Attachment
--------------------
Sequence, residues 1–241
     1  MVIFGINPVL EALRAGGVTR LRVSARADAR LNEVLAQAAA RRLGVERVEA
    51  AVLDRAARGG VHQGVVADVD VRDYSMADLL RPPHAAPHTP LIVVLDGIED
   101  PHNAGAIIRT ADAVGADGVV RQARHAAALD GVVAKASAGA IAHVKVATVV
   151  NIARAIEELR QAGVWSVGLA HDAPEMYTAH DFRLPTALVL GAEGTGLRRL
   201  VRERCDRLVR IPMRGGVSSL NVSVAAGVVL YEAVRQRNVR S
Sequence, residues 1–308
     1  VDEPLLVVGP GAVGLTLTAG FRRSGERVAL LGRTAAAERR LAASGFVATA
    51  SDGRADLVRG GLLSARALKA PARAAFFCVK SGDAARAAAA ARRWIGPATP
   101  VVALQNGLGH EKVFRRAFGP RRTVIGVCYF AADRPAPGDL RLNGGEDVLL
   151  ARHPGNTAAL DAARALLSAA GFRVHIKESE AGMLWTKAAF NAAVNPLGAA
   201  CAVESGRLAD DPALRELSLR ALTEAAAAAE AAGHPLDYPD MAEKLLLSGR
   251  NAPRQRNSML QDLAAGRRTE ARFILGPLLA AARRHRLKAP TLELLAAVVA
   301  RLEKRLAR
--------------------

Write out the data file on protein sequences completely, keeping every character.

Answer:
Sequence, residues 1–241
     1  MVIFGINPVL EALRAGGVTR LRVSARADAR LNEVLAQAAA RRLGVERVEA
    51  AVLDRAARGG VHQGVVADVD VRDYSMADLL RPPHAAPHTP LIVVLDGIED
   101  PHNAGAIIRT ADAVGADGVV RQARHAAALD GVVAKASAGA IAHVKVATVV
   151  NIARAIEELR QAGVWSVGLA HDAPEMYTAH DFRLPTALVL GAEGTGLRRL
   201  VRERCDRLVR IPMRGGVSSL NVSVAAGVVL YEAVRQRNVR S
Sequence, residues 1–308
     1  VDEPLLVVGP GAVGLTLTAG FRRSGERVAL LGRTAAAERR LAASGFVATA
    51  SDGRADLVRG GLLSARALKA PARAAFFCVK SGDAARAAAA ARRWIGPATP
   101  VVALQNGLGH EKVFRRAFGP RRTVIGVCYF AADRPAPGDL RLNGGEDVLL
   151  ARHPGNTAAL DAARALLSAA GFRVHIKESE AGMLWTKAAF NAAVNPLGAA
   201  CAVESGRLAD DPALRELSLR ALTEAAAAAE AAGHPLDYPD MAEKLLLSGR
   251  NAPRQRNSML QDLAAGRRTE ARFILGPLLA AARRHRLKAP TLELLAAVVA
   301  RLEKRLAR